Developing my year 9s’ ability to write (more) like historians – part 2

In my last post https://whatslanguagedoinghere.wordpress.com/2016/10/24/developing-my-year-9s-ability-to-write-like-historians-as-well-as-retain-key-knowledge/ I described how I had taught my year 9 classes about the causes of World War One and how I had used the teaching and learning cycle to help scaffold their ability to write a paragraph explaining one of the long term causes. In this post I will show some examples of their work and then describe how we tackled the short term cause, the assassination of Franz Ferdinand.

 

The paragraph the pupils were asked to write was on alliances (the ‘a’ in the MAIN causes) and here are some examples, with commentary:

 

carlyanthony

 

These two examples show that pupils were comfortable reproducing the definition of the factor as well as describing the formation of the two alliances, making sure they including the name of each, their members and the year in which they were formed. These details to be included had been discussed just before they wrote the paragraphs.

 

What is also clear is that the final phases, in which pupils had to explain how the presence of two rival alliances had created tension, are underdeveloped. This was a common theme throughout the answers. This indicates that we did not discuss enough how and why alliances created tension and thus I was replying on pupils to work this part out largely for themselves. The lack of discussion was partly due to time constraints and party due to a reticence on my part to ‘give them the answer’ – something I need to get over, frankly. Reading the information relating to this, discussing it and asking well-chosen questions about it would enable pupils to gain insights into the causation at work, which they would then be able to demonstrate understanding of more effectively in their paragraphs. The most common piece of feedback I gave (as can been seen on one of the examples above) was ‘what could have happened if one nation from each alliance had had a disagreement?’.

 

The final paragraph of the overall assessment – Why did World War One start in 1914?

 

After completing the alliances paragraph, receiving feedback from me and having the opportunity to address some of the questions I posed, we then turned our attention to the spark for the war – the assassination of Franz Ferdinand.

 

This end product we were working towards was a paragraph explaining the short term cause – how an assassination had led to a continent-wide war. To begin with we looked at a map of Europe in 1914 that showed the position of Bosnia within the Austro-Hungarian Empire with Serbia next door. We then watched this excellent clip of Dan Snow describing the events of the assassination https://www.youtube.com/watch?v=OfO7TduevHA and I focused pupils’ attention by asking them to look for answers to the following questions:

  • What happened?
  • Who was killed?
  • Where did this happen?
  • When did this happen?
  • Who was the killer?
  • Why was this killing carried out?

We then established these details with the aim of using them in our paragraph, which would have the following structure:

 

paragraph-structure-1

 

Pupils then completed the first phase using the details, with me insisting they be as detailed as possible, for example including Franz Ferdinand’s title and position rather than just his name.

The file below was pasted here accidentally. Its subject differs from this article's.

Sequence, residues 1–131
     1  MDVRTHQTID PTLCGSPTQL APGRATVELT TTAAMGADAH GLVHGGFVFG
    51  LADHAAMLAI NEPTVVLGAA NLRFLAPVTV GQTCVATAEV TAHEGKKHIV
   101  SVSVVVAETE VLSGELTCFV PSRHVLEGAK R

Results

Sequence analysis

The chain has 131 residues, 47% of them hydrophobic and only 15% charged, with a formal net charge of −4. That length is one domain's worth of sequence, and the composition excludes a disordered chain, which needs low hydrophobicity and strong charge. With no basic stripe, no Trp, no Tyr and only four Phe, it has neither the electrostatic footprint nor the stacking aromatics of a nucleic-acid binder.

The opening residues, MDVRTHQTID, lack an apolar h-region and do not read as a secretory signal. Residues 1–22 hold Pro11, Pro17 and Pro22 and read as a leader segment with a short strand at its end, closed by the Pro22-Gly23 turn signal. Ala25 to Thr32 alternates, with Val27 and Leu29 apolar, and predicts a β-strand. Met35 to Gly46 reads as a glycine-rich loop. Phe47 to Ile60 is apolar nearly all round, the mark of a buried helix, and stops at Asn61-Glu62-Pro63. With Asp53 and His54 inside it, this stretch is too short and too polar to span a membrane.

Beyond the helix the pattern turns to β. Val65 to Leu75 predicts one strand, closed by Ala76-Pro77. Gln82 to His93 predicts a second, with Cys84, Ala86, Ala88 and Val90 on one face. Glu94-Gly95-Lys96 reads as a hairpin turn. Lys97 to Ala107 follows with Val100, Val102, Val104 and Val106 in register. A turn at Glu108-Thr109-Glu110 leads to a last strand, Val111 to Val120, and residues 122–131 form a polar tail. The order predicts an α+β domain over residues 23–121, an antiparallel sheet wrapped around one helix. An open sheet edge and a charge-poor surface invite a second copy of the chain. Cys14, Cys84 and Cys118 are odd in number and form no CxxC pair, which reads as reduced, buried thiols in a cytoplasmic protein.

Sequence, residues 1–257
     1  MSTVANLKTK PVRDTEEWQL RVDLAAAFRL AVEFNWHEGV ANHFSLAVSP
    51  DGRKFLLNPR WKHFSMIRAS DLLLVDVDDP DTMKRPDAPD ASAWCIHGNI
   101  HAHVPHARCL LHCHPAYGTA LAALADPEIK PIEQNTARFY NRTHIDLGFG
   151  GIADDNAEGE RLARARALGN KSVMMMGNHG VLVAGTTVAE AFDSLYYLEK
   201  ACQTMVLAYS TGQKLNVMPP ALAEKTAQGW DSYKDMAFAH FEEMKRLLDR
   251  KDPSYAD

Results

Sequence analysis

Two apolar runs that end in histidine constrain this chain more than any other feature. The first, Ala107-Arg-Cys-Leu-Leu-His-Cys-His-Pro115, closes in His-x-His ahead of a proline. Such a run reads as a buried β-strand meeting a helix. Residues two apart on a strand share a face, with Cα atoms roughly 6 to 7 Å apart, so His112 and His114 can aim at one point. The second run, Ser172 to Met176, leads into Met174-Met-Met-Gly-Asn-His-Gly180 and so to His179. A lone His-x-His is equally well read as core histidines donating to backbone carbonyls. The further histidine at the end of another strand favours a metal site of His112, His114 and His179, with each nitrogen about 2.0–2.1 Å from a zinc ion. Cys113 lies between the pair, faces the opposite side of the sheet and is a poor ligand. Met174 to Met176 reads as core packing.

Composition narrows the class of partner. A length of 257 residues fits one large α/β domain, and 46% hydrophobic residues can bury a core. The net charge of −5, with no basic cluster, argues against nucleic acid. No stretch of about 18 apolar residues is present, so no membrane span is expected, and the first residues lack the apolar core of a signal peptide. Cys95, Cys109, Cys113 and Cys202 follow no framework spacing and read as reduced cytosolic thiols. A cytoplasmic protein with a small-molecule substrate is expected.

Next lesson we moved on to completing the paragraph and started with a recap of the assassination as well as an introduction to the consequent chain of events: http://www.the-map-as-history.com/demos/tome06/WW1-Map-Beginning-of-the-Great-War-1914.php. We then placed the chain of declarations of war into chronological order with the pupils reading the order of events in the textbook and sticking cards describing and illustrating the events into their book in the correct order.

 

At this point we had established the outline of the second phase of the paragraph:

 

paragraph-structure

 

We discussed the events of the second phase, trying to pick out how they linked together and I explained the agreement Britain had with Belgium to protect its neutrality. We then had to show in writing how this chain of events had progressed and why. We added the dates and then I modelled how I would link the first two or three events, explaining my choices (deconstruction). I then invited suggestions from the class for the next couple and we agreed what to write (joint construction) before pupils completed the links themselves on a planning sheet (independent construction):

plannign-sheet-1

We then had a brief discussion about what we felt was the key reason that an assassination in an obscure corner of Europe led to a war between the continent’s greatest powers before pupils completed the paragraph independently using all the preparation we had done.

 

Here is one outcome:

 

final-para-1final-para-2

 

What’s clear from this piece of work is that the pupil has a clear idea of the order of events, but is inconsistent in providing the links between them. He has also identified what he believes to have been the key factor in the escalation of events – the alliance system – but has not explained why he believes this with any authority. Once again, much more discussion is needed to develop pupils’ thinking and understanding in this phase before they write the final product.

 

My next blog will describe my year 8 lessons on the break with Rome. Having looked at my year 7 books we have not covered enough ground to justify a blog – my year 7 classes are split and so I only see them once per fortnight.

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